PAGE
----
Blood samples were drawn the day after admission in all patients to avoid the influence of different early mortality rates between stroke phenotypes. Genomic DNA was isolated from venous blood through erythrocyte lysis, proteinase K digestion, chloroform extraction, and ethanol precipitation. The ACT polymorphism in the signal peptide (-15 Ala→Thr) was determined by polymerase chain reaction (PCR) amplification of a 124-bp fragment by using the primers 5′-CAG AGT TGA GAA TGG AGA-3′ and 5′-TTC TCC TGG GTC AGA TTC-3′ as described,7 with minor modifications.8 DNA amplification was performed with 120 ng of each patient’s DNA in a 25-μL PCR reaction volume containing 1.5 mmol/L MgCl2, 200 μmol/L of each dNTP, 50 mmol/L KCl, 10 mmol/L Tris (pH 8.3),400 μmol/L of each primer, and 1 U of Taq polymerase (Boehringer-Mannheim). The amplification reaction consisted of an initial denaturation for 7 minutes at 94°C, followed by 35 cycles of 30 seconds each, annealing at 55°C, 45-second extension at 72°C, 30-second denaturation at 94°C, and a final extension step of 7 minutes at 72°C. The 124-bp PCR products were then digested with 5 U of the enzyme MvaI (MBI Fermentas) for 3 hours at 37°C and electrophoresed in an 8.9% polyacrylamide gel. After electrophoresis the DNA was detected through silver staining. Two alleles were detected, ACT*A (2 fragments, 84 bp and 33 bp) and ACT*T (117-bp fragment).
Categorical variables were compared by using the χ2 test. To determine whether the TT genotype was related to stroke phenotypes, we performed logistic regression models. In the first model the dependent variable was IS versus PICH, whereas in the second model the dependent variable was PICH versus control. Independent covariates included age (<65 years versus >65 years), gender, hypertension, diabetes, hypercholesterolemia, ischemic heart disease, current smoking, and ACT genotype (TT genotype versus no TT genotype). ORs and 95% CIs were calculated from beta coefficients and their standard errors. A value of P<0.05 was established as statistically significant.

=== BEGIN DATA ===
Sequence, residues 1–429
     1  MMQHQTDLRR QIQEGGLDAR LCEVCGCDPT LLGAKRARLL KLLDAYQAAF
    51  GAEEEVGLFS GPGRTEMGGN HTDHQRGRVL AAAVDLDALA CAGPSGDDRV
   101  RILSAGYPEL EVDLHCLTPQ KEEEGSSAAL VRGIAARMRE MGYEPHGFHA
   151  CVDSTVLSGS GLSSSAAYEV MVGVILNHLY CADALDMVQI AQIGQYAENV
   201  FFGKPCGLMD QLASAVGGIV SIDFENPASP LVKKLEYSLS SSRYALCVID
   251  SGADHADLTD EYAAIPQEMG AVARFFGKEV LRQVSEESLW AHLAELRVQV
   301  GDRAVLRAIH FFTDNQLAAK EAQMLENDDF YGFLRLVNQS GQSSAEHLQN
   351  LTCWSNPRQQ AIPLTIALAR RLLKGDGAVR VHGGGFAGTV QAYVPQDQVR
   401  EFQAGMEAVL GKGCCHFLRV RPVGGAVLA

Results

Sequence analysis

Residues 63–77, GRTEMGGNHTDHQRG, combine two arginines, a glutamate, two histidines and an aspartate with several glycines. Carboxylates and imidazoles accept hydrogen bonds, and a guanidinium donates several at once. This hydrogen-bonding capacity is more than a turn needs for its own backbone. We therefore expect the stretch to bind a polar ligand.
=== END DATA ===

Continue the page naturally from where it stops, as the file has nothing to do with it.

Table 1⇓ shows demographics and vascular risk factors in patients and controls. As expected, patients with PICH and IS had a higher rate of hypertension and diabetes than did control subjects. However, current smoking was the only risk factor different between IS and PICH. The distribution of ACT genotypes in patients and controls are reflected in Table 2⇓. A similar distribution of ACT genotypes was found between patients and controls. ACT genotype distribution was not associated with either age or gender, or the presence of different vascular risk factors. When stroke phenotypes were analyzed separately, we detected a statistically significant excess of ACT-TT genotype in patients with PICH compared with IS (31.6% versus 16.4%; P<0.05). In the logistic regression model, the association remained significant after adjustment for age, gender, and vascular risk factors (OR 2.3, 95% CI 1.0 to 5.2). In addition, patients with PICH also had an excess of ACT-TT genotype compared with control subjects (31.6% versus 21.2%), but differences did not reach statistical significance (P=0.17). The adjusted OR for ACT-TT genotype in patients with PICH compared with controls was 1.8 (95% CI 0.85 to 9.65). Finally, there was a similar proportion of ACT genotypes in patients with IS compared with controls and also among IS subtypes. Within patients with PICH, there was no association between TT genotype and the presence of advanced age (>75 years), hypertension, or hemorrhage topography (deep versus lobar).